EGU General Assembly 2022
© Author(s) 2022. This work is distributed under
the Creative Commons Attribution 4.0 License.

Assessing the geometry of the Main Himalayan thrust in central Nepal: Insights from thermokinematic modelling

Suryodoy Ghoshal1,4, Nadine McQuarrie1, Delores M. Robinson2, Katherine Huntington3, and Todd A. Ehlers4
Suryodoy Ghoshal et al.
  • 1Department of Geology and Environmental Sciences, University of Pittsburgh, Pittsburgh, USA
  • 2Department of Geological Sciences, The University of Alabama, Tuscaloosa, USA
  • 3Department of Earth & Space Sciences, University of Washington, Seattle, USA
  • 4Department of Geosciences, University of Tübingen, Tübingen, Germany

The 2015 Gorkha earthquake reignited an existing debate about whether geometric barriers on faults play a role in containing the propagation of ruptures. Models suggest that the extent of the Gorkha earthquake rupture, and of other historical earthquakes were controlled by the locations of ramps in the Main Himalayan thrust (MHT), notably on the western edge of the rupture. The existence of such a pronounced lateral boundary to the west of the Gorkha epicenter is supported by an offset in the surface trace of the Main Central thrust (MCT), closely followed by an offset in the distribution of young (<5 Ma) muscovite 40Ar/39Ar (MAr) ages. However, the zircon (U-Th)/He (ZHe) and apatite fission track ages show more linear east-west distributions over the same region, as does Physiographic Transition 2 (PT2). We explore the formation of these relationships by combining forward-modeled balanced cross-sections through the Marsyangdi, Daraundi, and Budhi Gandaki valleys in central Nepal, and investigate the continuity of active structures across the western portion of the Gorkha rupture. The sequential kinematics of each of these sections are combined with a thermokinematic model (PECUBE) to evaluate the exhumation and cooling histories of the rocks exposed at the surface. We gauge the validity of these models by comparing their predicted cooling ages to measured ages, discarding those that do not match the measured distribution of cooling ages.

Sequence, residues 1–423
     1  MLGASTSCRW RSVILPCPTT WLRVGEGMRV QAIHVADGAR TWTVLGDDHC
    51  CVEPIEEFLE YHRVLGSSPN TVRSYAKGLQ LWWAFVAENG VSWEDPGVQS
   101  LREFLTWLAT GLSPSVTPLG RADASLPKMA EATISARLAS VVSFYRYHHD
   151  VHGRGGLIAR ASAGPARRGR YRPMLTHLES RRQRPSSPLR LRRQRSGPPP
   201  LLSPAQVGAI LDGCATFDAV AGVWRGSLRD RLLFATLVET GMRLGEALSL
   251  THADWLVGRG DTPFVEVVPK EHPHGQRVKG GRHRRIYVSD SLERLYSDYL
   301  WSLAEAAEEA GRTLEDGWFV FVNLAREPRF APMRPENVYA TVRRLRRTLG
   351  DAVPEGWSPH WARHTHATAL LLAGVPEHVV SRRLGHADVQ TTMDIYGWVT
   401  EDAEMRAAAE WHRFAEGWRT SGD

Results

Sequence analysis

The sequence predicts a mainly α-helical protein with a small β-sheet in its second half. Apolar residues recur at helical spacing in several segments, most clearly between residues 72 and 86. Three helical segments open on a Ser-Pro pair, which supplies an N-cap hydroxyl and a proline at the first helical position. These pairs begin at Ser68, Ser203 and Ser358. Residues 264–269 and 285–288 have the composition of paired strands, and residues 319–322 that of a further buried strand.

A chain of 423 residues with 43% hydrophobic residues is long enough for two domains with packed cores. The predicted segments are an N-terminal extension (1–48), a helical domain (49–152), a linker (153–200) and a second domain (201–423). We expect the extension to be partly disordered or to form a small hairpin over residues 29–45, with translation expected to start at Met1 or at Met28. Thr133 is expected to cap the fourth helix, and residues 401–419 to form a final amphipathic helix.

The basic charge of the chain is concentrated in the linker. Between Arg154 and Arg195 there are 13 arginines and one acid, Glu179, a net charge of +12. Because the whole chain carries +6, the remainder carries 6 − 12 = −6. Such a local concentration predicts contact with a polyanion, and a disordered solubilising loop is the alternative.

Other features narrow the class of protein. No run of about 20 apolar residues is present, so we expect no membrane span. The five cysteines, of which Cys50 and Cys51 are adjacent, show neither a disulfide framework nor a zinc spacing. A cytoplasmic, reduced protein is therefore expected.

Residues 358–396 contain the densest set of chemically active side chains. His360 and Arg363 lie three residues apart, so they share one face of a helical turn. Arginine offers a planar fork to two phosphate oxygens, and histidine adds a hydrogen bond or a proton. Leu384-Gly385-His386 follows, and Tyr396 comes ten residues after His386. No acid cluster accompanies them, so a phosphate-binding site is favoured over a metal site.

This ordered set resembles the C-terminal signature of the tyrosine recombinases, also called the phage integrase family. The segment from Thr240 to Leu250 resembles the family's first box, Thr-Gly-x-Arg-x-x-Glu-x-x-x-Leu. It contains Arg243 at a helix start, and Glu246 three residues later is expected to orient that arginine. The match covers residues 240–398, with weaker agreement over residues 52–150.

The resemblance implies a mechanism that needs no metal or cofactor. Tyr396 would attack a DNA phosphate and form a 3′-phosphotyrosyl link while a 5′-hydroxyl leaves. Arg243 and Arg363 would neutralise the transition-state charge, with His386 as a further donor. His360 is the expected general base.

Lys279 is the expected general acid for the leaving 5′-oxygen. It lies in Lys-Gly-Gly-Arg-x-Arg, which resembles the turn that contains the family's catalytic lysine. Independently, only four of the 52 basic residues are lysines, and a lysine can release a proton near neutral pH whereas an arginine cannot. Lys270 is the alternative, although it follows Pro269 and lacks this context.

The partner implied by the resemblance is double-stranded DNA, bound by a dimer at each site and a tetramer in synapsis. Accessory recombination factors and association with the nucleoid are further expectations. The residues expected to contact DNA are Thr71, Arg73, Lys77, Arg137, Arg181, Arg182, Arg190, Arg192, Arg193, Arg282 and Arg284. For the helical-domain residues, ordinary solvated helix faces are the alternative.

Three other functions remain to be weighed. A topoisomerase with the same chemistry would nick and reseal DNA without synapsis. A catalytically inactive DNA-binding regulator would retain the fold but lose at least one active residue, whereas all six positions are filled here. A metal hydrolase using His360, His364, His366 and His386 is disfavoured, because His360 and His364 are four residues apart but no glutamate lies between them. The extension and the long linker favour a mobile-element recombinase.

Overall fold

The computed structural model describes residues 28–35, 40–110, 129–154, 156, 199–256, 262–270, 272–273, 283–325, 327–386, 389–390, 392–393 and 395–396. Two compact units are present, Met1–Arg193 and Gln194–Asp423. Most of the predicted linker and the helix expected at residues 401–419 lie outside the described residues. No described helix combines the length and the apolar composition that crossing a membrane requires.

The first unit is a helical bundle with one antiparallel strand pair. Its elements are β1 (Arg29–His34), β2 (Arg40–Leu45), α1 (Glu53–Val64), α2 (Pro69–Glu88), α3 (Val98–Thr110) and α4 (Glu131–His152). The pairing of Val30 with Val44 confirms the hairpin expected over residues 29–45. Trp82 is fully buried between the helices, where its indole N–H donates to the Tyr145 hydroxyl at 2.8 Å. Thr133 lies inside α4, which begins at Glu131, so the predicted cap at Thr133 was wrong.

Our 3D models show that the offset in the surface geology along the Daraundi is due to a shorter (by 1/3) Trishuli thrust sheet, that has been completely translated to the south of the modern ramp and folded by the Lesser Himalayan duplex. Similarly, the southern extent of the reset MAr ages is also controlled by these relationships requiring observed surface offsets to be the result of changes in the hanging wall rocks translated over the ramp, rather than changes in the geometry of the modern ramp. Notably, the continuity and location of the modern MHT ramp is evidenced by the linear distribution of the youngest ZHe and AFT ages, which are most sensitive to the location of the active ramp. Additionally, the out-of-sequence thrust responsible for PT2 soles directly into the modern ramp during its proposed period of activity at ~1.2 Ma, resulting in the highly linear trace of PT2, running parallel to the location of the ramp. These linear relationships and their reproducibility in thermo-kinematic models argue strongly against any geometric offsets in the modern MHT ramp that have been proposed to limit rupture propagation in central Nepal.

How to cite: Ghoshal, S., McQuarrie, N., Robinson, D. M., Huntington, K., and Ehlers, T. A.: Assessing the geometry of the Main Himalayan thrust in central Nepal: Insights from thermokinematic modelling, EGU General Assembly 2022, Vienna, Austria, 23–27 May 2022, EGU22-1319,, 2022.


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